You will not sell any data. If you are acquired by or merge with a third party, you can continue to use user data within your application, but you cannot transfer data outside your application.

My reading of this is that the new owner of threewords.me can use the data as long as it is used in conjunction with the operation of threewords.me. This includes any future features added should they improve the site to meet their needs. In 2008, the passage of 24-hours required a data refresh, in 2011, at a minimum, legal change of control should do the same. The Platform Policy further states,

You must not give your secret key to another party, unless that party is an agent acting on your behalf as an operator of your application. You are responsible for all activities that occur under your account identifiers.

What if the statement was re-written so that an application’s secret key can never be transferred? Any new owner of an application could run it using their own secret key but it would kick off a refresh of all requested user data. This request could be sent out as via a notification on Facebook Messaging or an alert that would appear the next time the user tries to use the application or web site. Maybe this is already the case but it would be better to state this clearly.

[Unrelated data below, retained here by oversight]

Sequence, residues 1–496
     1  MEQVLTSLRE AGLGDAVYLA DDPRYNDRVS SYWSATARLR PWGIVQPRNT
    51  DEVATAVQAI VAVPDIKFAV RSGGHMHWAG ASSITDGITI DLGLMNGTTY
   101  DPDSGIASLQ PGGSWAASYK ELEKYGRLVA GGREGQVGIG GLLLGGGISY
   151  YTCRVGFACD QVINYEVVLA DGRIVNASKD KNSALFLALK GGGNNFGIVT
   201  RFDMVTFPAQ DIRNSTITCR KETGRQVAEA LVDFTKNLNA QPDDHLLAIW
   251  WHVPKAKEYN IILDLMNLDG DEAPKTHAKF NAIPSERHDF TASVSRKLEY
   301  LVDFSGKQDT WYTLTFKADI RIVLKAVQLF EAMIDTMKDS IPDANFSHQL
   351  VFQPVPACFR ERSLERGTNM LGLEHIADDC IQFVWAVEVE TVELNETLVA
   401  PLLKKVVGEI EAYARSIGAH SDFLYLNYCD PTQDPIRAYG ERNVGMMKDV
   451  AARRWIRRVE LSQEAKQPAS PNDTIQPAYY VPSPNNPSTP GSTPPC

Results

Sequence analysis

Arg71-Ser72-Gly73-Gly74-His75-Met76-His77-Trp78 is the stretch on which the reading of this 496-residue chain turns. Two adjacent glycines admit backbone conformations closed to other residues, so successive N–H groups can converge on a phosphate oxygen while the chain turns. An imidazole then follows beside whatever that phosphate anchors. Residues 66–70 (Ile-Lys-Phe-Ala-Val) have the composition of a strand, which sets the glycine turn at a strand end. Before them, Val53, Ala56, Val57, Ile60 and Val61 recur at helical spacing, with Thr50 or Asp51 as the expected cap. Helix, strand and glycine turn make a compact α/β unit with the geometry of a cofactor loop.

So my modest proposal to bring back the original intent of Dynamic Privacy is,

  1. Revision of the Facebook Platform Policy to clearly state that change in ownership would require re-authorization of grated user permissions.
  2. Enforcing limitations on transferring application secret keys by tying each key to verified named accounts only. An example of this is how domain names are tied to an administrative and technical contact who are legally and technically responsible for activity on that domain.
  3. Requiring all applications to support the Deauthorization Callback and extending it with an API call that is authorized to overwrite or remove data on the 3rd party server. All domain-name root servers are given the ability to update the hosts file information on their downstream servers. Might a similar root server role be appropriate for Facebook as the provider for your private data stored on all downstream applications?
  4. The option for users to place personal data into a more secure area which would require more than a single click to grant access.  Something that requires two step authorization and sends me a confirmation email informing me that this access has been granted.

The best way to build up trust is to put in place features that give users control and the option to take something back. These are the post-lunch ramblings of an observer. Please correct me if what I’m suggested is crazy talk!